On the inside of the case back, you will find two numbers. The reference number 186.0005 and case number 386.0805. The snapback is easy to remove with a watch knife and often, the condition of the gasket is essential to check, but also check if there are traces of oxidation on the movement. It is usually an indicator whether a watch has had proper maintenance (or has been damaged at some point by moisture).
With my 18-19cm wrist, this watch is small. The diameter of the case is approx.36mm, but it is just skinny. Every time I put this watch on my wrist, I need some minutes to get used to this watch on the wrist again. Unbelievable that this was more or less the standard in the late 1970s and early 1980s.
The case has a subtle brushed finish, has a nice angle on the case band and as written above, a snap-on case back. On the sides of the watch, you will find three buttons and one micro corrector. The micro corrector is used to set the time and date, and you will need a small toothpick to operate it. With the upper left pusher, you select the mode of the watch, time or chronograph. In time mode, you can choose (by pushing the button again) between displaying running seconds or the day. When the chronograph is running, and you switch back to time mode, blinking small triangles indicates the chrono is still on. On the right side, you will find three pushers. The upper right pusher is used to start/stop the chronograph, and the lower right is to reset. The pusher in the right center is to utilise the split chronograph functionality (and the light).
The pushers are another weak spot of the watch. When I received this watch, the pushers didn’t function properly. I handed it over to our diva watchmaker, who visited our Fratello HQ this time driving his yellow Countach from 1988, wearing his furry Gucci loafers. He did a quick analysis of the watch and noticed that all buttons were just stuck due to gunk. So he took it with him, cleaned it, replaced the two batteries and now it all works as it should again. So I guess that if you run into a watch like this and it is running, but the pushers won’t move, it is an easy fix.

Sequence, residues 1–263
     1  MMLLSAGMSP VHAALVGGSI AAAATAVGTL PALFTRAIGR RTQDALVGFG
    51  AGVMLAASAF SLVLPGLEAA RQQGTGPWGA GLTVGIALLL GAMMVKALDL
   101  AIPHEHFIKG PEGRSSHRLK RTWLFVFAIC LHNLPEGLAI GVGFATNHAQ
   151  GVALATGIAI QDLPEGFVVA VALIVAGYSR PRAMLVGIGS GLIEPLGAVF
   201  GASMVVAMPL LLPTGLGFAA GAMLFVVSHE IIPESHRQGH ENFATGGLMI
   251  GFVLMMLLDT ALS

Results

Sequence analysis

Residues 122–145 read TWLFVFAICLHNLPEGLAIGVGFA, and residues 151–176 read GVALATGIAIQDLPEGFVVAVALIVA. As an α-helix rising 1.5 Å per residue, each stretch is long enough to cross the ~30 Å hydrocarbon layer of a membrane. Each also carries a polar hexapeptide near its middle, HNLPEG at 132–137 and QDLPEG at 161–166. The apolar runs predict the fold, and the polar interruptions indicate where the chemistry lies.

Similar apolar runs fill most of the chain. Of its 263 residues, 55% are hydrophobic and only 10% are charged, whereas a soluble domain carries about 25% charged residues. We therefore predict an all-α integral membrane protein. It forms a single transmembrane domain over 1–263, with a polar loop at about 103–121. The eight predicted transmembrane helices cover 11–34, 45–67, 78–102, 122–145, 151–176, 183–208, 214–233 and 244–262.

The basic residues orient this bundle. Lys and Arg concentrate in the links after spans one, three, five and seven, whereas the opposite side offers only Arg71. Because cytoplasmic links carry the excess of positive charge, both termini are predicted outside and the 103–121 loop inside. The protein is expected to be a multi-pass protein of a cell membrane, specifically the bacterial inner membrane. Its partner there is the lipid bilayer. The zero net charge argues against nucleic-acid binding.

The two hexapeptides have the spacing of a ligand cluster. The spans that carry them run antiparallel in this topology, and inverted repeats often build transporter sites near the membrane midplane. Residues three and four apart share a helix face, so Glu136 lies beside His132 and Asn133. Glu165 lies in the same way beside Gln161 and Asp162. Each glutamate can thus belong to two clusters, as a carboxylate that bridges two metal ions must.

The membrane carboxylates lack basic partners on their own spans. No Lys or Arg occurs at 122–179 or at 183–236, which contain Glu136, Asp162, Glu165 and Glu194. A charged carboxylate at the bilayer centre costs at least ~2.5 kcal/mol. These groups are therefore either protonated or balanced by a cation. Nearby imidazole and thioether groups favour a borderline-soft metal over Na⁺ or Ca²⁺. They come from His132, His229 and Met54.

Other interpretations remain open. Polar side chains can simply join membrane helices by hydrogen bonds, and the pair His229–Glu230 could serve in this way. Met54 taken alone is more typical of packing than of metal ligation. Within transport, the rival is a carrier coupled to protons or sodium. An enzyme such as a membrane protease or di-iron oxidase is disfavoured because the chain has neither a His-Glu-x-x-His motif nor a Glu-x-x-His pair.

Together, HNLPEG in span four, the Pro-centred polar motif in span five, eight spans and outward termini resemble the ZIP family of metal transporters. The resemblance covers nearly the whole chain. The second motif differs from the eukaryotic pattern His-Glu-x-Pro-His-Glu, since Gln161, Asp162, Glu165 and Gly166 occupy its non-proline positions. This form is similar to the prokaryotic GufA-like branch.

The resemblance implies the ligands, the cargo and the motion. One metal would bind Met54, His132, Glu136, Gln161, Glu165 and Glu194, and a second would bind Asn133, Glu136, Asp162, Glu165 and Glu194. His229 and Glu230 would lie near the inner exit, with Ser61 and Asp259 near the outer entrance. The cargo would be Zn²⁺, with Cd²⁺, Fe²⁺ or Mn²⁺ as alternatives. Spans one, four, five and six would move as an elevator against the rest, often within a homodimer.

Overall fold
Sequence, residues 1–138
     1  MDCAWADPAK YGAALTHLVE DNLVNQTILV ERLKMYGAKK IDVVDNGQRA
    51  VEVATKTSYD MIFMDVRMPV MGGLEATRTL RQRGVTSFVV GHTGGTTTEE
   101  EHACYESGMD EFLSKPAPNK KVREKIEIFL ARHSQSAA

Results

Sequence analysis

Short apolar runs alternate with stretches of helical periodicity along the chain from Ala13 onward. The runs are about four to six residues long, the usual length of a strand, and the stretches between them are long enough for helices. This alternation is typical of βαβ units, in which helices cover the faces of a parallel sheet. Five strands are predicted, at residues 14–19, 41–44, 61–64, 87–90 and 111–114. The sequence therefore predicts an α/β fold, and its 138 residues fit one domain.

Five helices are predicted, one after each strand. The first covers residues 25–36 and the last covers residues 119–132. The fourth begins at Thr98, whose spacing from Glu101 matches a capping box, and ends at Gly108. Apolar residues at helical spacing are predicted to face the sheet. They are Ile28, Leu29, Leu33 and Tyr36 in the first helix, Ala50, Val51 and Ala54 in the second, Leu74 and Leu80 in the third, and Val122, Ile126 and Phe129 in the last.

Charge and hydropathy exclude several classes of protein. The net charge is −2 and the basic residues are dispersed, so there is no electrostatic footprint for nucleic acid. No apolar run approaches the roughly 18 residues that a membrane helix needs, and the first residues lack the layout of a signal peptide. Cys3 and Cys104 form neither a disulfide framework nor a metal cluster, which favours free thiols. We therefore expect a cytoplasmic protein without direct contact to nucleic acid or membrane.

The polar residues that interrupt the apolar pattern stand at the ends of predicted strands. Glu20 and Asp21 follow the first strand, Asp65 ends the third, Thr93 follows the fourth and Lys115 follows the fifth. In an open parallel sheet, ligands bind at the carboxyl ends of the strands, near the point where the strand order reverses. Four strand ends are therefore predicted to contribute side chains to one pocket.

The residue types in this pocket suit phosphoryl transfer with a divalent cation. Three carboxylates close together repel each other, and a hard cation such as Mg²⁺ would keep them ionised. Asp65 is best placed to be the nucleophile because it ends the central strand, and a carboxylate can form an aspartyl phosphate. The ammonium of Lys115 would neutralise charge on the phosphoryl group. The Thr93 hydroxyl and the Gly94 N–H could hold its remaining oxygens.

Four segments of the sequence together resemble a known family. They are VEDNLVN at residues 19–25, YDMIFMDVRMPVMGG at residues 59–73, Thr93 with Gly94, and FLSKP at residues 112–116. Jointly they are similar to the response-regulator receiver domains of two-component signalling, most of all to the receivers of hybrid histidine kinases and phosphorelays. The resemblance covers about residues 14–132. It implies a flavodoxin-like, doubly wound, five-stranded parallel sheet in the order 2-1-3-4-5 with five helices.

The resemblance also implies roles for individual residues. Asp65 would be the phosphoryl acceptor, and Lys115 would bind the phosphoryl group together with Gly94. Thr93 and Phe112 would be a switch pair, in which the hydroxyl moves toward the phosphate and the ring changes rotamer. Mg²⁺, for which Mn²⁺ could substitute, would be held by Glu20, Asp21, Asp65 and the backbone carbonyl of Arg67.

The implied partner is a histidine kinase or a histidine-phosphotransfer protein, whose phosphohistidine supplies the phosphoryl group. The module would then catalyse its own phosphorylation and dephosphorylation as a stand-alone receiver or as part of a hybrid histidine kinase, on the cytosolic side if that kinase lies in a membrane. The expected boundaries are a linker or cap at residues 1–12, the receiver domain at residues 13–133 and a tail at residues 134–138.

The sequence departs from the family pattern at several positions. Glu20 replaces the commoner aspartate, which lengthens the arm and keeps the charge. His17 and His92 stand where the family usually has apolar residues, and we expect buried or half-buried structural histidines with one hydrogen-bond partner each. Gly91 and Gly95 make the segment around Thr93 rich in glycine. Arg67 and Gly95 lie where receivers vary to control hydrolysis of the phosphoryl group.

An all brushed and empty case back looks cool, and it left (or perhaps still does) leaves some space for a nice personal message. The bracelet on this watch is quite comfortable, and very easy to adjust the length.
The small clasp is easy to operate, and although feeling a bit flimsy, it does lock properly. The Omega logo is recessed in the clasp and has a diagonal striped decoration. It looks quite neat.
If you like this kind of quirky stuff, you can browse websites like Chrono24 and eBay all day long I guess. There are always a few out there for sale, and prices vary from a few hundred Euros up to thousands of Euros for the Moonwatch LCD with all accessories. This LCD Speedmaster 186.0005 is probably one of the cheaper models out there, and I paid about €600,-. I have seen them for less, and I’ve seen them for a bit more. The Omega Speedmaster LCD 186.0005 was also available with a gold plated finish, including the bracelet. It is a fun piece and especially if you can source one for a reasonable price, it is a pretty nice addition for any Speedmaster collector.
Do you have an LCD Speedmaster and want to share your story? Drop us a line at firstname.lastname@example.org
Ever since he was a young child, Robert-Jan was drawn to watches, even though it were digital Casio and quartz Swatch models at the time. In the mid-1990s, his interest increased when he started to read about mechanical watches in... read more